In 2014, the Indonesian government made an explosive decision: They began blowing up illegal fishing boats. Was this just a media stunt or an impactful method? The results are in.
Indonesia’s decision to impose a 1-year moratorium on foreign commercial fishing vessels and blowing up or sinking the rule-breakers reduced the islands commercial fishing by a total of 25 percent, according to a new study published in Nature Ecology & Evolution.
During the period of strict enforcement, a task force comprised of Indonesia’s navy, coast guard, and marine police captured and obliterated nearly one boat per day. “We sank 363 illegal fishing vessels to send a signal of strong enforcement and to create a deterrent effect,” Mas Mas Achmad Santosa, special advisor to the Indonesia Presidential Task Force to Combatting Illegal Fishing, told Scientific American.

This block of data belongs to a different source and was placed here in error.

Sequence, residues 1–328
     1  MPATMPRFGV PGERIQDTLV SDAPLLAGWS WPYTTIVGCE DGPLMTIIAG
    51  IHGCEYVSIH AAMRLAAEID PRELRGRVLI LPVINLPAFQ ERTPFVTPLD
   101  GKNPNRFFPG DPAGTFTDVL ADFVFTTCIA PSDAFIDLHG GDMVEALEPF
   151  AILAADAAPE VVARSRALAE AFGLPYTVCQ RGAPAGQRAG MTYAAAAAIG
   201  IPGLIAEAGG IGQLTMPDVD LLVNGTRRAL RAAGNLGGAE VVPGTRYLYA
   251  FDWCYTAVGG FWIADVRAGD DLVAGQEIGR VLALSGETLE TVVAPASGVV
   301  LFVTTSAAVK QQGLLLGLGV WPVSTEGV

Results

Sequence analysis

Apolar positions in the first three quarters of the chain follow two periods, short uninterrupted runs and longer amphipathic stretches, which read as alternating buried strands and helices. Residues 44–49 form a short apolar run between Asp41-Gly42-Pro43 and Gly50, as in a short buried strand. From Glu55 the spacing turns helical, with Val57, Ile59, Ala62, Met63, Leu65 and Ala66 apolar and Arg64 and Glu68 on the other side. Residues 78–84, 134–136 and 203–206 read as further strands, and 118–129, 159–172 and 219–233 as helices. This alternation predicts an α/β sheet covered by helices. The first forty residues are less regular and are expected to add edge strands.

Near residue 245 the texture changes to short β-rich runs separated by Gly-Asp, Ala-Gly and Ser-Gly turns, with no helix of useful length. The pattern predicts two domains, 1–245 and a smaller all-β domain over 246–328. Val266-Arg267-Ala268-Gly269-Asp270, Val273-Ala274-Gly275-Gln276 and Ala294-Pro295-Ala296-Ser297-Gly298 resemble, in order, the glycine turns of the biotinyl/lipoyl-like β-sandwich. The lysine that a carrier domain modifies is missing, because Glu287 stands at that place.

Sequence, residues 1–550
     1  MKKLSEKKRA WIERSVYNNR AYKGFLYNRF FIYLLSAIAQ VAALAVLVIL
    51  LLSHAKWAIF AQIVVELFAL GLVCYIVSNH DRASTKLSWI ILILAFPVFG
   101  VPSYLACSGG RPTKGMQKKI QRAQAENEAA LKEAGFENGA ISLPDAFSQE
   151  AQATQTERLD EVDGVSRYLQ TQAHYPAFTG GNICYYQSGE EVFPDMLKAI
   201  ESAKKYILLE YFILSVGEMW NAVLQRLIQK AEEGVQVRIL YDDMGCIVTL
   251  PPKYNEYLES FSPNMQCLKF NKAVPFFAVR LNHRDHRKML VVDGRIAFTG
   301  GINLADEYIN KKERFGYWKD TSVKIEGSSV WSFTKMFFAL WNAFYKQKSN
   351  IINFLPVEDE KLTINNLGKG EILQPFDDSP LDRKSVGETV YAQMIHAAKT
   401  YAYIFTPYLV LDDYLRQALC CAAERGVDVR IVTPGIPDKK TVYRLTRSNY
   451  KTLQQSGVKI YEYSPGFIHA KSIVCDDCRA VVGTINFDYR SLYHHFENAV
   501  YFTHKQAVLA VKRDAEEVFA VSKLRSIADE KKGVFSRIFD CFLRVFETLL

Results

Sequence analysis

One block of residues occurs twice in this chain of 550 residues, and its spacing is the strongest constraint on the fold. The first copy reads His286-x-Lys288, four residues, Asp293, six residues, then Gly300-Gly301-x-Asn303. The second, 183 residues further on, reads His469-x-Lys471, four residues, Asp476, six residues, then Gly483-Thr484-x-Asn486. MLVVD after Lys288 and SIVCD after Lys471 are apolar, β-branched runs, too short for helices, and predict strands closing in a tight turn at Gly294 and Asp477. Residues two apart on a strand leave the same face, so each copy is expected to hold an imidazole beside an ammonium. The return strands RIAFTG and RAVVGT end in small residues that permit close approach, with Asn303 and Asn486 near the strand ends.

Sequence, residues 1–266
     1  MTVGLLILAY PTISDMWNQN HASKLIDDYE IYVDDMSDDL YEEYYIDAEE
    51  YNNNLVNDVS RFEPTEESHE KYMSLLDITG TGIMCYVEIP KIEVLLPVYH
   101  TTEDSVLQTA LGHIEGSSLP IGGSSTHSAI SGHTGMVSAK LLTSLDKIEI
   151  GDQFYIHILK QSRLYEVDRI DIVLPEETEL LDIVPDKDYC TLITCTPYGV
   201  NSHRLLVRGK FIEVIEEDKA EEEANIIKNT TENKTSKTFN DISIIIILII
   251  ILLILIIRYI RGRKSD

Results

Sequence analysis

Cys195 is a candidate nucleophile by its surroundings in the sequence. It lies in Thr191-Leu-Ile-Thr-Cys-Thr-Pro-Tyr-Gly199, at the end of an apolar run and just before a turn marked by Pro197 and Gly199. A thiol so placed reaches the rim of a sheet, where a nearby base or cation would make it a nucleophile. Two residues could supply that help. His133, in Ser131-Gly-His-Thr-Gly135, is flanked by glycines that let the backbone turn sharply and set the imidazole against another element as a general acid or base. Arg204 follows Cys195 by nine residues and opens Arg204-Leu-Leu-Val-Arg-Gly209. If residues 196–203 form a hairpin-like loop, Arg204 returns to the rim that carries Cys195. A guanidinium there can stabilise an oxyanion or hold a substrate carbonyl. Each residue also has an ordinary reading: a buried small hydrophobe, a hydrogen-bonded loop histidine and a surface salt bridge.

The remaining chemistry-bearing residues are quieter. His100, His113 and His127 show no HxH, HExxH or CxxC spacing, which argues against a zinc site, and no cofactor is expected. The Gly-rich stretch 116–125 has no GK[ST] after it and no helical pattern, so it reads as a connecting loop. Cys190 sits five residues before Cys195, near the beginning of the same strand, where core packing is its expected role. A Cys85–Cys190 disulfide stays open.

The decrease is significant for the island nation’s 4 billion commercial fishing industry. A previous study estimated that even a 15 percent decrease in overall fishing could lead the country on a path towards sustainable fisheries. Read more in Scientific American.
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